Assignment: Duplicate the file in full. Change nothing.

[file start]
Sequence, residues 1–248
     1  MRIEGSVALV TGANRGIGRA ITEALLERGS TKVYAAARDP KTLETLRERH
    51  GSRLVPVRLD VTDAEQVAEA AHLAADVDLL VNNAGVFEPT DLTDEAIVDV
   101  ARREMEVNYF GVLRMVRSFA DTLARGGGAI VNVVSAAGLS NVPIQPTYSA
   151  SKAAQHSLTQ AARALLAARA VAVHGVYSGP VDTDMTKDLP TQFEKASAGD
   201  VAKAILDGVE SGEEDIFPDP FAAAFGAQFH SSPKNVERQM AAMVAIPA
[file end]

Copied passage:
Sequence, residues 1–248
     1  MRIEGSVALV TGANRGIGRA ITEALLERGS TKVYAAARDP KTLETLRERH
    51  GSRLVPVRLD VTDAEQVAEA AHLAADVDLL VNNAGVFEPT DLTDEAIVDV
   101  ARREMEVNYF GVLRMVRSFA DTLARGGGAI VNVVSAAGLS NVPIQPTYSA
   151  SKAAQHSLTQ AARALLAARA VAVHGVYSGP VDTDMTKDLP TQFEKASAGD
   201  VAKAILDGVE SGEEDIFPDP FAAAFGAQFH SSPKNVERQM AAMVAIPA